He's taught and performed alongside as many as 2,000 students in a career that has spanned more than 50 years.
But on Thursday, the roles were reversed, as the students gave back to the teacher who they say taught them so much.
"He became like a second father to me," said Jorge Saade.
A violin professor at Barry University in Miami Shores, Fla., Thomas Moore has stage IV kidney cancer and is expected to live just a few more weeks.
"The reality is....that I will be dead in a matter of days," Moore told the South Florida Sun-Sentinel newspaper.
The news prompted current and former students, some now professional musicians, to organize a concert in his honor.
Moore's career includes serving as the Florida Philharmonic concertmaster, creating a chamber music festival in North Carolina and performing in concerts around the world, according to the Sun-Sentinel.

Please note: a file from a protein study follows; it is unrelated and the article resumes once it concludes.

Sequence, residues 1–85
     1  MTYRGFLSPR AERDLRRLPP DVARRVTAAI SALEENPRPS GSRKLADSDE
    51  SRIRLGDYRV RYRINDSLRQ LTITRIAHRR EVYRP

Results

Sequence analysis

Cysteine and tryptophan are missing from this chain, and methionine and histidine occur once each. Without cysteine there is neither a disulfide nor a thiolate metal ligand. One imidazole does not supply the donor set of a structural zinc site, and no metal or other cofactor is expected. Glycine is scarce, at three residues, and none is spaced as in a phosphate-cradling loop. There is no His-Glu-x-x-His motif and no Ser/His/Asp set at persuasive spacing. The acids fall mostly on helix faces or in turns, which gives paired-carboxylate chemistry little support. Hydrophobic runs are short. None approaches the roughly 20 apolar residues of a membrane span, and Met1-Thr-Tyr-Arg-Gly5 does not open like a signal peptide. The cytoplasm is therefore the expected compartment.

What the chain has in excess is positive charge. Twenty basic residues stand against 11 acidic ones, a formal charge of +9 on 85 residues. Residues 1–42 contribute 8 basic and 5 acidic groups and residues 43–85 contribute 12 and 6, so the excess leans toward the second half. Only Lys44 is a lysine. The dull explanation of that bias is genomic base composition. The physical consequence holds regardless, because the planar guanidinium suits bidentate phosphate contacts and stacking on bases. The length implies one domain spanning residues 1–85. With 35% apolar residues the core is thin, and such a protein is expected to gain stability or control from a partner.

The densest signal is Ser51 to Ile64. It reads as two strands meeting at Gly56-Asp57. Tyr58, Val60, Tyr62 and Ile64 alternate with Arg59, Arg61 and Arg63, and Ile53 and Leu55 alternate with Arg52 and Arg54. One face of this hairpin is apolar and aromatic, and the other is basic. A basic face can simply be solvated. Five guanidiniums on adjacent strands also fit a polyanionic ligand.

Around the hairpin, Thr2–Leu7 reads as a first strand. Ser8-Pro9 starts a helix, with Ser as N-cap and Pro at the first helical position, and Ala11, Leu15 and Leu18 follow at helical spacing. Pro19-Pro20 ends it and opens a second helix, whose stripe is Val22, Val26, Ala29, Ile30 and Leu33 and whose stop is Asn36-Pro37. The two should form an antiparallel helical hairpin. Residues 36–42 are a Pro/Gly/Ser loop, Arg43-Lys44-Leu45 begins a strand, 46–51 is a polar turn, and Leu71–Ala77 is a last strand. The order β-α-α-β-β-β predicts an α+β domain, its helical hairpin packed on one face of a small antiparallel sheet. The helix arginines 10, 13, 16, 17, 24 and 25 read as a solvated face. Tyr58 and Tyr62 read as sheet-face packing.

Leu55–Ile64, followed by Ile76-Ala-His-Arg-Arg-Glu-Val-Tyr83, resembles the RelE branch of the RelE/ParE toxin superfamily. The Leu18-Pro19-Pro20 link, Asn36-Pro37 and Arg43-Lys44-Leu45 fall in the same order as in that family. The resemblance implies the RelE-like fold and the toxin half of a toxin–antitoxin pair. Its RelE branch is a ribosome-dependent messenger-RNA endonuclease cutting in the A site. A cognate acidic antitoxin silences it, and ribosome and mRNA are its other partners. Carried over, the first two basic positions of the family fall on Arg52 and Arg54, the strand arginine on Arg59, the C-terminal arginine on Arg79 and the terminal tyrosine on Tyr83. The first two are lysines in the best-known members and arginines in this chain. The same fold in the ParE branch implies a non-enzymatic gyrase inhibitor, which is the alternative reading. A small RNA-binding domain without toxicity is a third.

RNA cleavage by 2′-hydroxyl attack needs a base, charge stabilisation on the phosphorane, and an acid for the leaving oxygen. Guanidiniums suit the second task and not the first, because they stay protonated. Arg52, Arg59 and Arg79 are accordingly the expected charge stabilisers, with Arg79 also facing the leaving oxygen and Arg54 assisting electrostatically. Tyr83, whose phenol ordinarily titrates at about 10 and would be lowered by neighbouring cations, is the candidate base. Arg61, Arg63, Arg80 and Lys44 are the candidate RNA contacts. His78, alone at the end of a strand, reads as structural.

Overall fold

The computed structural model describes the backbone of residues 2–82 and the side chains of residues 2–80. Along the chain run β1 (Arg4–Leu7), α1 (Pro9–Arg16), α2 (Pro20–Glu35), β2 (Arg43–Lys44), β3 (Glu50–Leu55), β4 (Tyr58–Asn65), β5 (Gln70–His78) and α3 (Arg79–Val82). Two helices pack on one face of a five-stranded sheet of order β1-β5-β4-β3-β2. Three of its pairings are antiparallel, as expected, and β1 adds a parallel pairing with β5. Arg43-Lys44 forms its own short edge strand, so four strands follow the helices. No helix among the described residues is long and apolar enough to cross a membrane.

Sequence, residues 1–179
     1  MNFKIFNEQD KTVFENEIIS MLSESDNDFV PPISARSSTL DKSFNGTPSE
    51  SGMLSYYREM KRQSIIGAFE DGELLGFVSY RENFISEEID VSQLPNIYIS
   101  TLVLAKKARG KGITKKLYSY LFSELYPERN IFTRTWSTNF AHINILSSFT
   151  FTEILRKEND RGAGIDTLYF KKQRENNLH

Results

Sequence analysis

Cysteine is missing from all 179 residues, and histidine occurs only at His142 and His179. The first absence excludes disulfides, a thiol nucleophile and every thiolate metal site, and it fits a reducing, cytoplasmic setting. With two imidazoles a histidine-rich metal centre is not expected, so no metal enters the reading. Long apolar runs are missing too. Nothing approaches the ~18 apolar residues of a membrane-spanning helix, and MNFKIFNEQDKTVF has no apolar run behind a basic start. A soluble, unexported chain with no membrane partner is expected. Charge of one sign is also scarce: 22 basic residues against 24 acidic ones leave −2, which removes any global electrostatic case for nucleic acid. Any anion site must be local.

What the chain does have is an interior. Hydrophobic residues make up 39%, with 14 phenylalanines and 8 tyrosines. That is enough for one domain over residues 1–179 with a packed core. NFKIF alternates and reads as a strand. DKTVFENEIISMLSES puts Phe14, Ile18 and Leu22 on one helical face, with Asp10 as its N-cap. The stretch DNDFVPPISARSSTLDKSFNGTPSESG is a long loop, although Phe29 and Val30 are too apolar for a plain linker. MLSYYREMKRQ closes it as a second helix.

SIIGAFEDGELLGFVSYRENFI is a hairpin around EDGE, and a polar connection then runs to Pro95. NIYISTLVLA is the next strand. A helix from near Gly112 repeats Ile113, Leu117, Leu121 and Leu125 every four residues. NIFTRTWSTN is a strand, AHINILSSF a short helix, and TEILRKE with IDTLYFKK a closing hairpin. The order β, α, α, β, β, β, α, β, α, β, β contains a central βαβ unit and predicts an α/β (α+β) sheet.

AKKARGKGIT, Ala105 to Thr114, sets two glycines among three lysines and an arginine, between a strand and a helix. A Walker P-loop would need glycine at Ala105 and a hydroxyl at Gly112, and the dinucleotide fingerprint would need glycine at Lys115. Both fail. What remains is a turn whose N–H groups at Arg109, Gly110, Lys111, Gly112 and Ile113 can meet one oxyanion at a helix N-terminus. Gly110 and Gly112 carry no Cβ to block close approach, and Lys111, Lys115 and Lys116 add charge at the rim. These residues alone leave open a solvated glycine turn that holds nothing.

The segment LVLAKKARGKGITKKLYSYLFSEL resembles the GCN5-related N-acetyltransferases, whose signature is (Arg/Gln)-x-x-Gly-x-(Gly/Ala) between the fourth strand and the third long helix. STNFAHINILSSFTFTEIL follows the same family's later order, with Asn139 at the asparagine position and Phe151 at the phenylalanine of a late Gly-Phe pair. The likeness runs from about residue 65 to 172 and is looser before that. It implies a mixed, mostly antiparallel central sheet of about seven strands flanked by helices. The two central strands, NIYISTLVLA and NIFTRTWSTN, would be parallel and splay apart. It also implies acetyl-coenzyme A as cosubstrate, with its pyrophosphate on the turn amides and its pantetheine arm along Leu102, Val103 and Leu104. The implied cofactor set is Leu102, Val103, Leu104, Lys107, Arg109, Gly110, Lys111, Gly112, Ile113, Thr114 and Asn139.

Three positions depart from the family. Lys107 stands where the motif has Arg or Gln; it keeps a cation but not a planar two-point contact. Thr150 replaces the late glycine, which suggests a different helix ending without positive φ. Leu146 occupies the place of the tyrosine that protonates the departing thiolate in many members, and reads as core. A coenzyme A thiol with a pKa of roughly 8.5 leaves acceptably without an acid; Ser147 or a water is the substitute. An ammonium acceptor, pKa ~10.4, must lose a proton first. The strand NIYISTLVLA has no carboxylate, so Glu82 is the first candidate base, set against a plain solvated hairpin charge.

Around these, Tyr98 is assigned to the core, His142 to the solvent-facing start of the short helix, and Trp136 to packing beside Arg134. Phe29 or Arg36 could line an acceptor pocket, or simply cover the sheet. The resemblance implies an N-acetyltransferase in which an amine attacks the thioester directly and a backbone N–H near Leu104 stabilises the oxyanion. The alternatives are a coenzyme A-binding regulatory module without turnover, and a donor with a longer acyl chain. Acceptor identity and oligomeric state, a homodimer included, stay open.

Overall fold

The initial plan was to pay tribute to Moore after he passed on, but Moore's wife didn't think that was a good idea.
"I said no, that's no good," Sandra Walsh, Moore's wife, told the Sun-Sentinel. "I thought, 'Why don't we honor him in a way that he can enjoy, that he can hopefully take part in?' ''
More than 200 family and friends gathered at the First Presbyterian Church of Miami on Thursday, which was also Moore's 72nd birthday.
One by one, his students took the stage to perform for their professor one last time, as he watched from the front row.
"I haven't played for him in 15 years, so this was like an exam for me," Saade said.
Rachel Ostler, who studied under Moore since she was 12, made the journey from Utah. She said she didn't want to miss the opportunity to honor him before he passed.
"I don't know if this will be the last time I perform for him, so I just really wanted to be here," said Ostler.
While it was billed as Moore's final concert, his students say it was mainly a night to celebrate a man who inspired them.
"He's been a great mentor and someone I can call up all the time and tell how I'm doing. He gives me advice on life," said Chloe Fedor.
After their performance, the students each rushed to Moore, shaking his hand and hugging him.
"To have these kids and to have been able to work with them and to bring this talent along is a privilege," Moore told ABC News. "I'm very proud of them."